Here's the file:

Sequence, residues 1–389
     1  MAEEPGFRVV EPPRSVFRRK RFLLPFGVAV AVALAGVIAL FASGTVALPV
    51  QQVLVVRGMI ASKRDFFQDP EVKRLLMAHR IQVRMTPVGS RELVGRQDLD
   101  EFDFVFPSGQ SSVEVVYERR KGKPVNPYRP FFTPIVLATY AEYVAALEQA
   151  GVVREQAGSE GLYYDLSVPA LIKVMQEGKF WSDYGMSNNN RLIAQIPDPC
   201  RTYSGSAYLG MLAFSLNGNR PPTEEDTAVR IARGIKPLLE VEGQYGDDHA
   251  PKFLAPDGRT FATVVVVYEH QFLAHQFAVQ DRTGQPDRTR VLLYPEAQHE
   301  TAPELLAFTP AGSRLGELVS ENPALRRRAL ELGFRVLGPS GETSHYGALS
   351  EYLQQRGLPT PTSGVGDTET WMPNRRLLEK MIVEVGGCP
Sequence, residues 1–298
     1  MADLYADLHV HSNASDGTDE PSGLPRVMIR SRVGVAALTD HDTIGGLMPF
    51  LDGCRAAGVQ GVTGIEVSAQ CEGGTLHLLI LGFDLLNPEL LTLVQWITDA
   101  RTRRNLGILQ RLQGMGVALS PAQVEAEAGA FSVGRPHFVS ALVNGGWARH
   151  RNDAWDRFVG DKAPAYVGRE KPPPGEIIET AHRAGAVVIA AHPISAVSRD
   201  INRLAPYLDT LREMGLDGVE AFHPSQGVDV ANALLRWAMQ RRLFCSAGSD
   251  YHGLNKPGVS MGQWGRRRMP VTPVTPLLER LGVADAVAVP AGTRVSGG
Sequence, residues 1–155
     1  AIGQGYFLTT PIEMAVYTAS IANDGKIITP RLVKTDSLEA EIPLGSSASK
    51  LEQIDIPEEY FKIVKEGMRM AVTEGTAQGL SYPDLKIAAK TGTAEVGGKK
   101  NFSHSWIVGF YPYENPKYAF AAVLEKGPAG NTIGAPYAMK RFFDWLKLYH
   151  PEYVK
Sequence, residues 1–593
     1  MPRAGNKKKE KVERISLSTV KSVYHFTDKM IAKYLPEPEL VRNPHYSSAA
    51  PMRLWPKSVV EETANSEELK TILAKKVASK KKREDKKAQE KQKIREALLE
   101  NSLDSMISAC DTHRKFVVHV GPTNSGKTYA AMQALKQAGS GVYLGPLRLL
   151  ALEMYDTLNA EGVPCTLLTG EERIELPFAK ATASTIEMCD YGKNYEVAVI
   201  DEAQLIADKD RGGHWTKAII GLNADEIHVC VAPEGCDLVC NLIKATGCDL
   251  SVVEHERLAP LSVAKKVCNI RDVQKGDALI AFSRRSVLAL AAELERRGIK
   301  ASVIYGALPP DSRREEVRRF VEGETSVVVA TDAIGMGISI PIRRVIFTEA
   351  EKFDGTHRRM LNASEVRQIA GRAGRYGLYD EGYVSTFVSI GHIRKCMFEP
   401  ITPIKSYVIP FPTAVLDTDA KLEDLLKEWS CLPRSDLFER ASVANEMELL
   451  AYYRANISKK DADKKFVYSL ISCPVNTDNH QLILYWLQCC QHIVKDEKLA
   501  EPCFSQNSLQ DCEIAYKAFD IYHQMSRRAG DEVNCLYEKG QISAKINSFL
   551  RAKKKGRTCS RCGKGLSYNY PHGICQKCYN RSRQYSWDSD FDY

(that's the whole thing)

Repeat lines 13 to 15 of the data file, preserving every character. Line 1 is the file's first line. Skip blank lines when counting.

   101  RTRRNLGILQ RLQGMGVALS PAQVEAEAGA FSVGRPHFVS ALVNGGWARH
   151  RNDAWDRFVG DKAPAYVGRE KPPPGEIIET AHRAGAVVIA AHPISAVSRD
   201  INRLAPYLDT LREMGLDGVE AFHPSQGVDV ANALLRWAMQ RRLFCSAGSD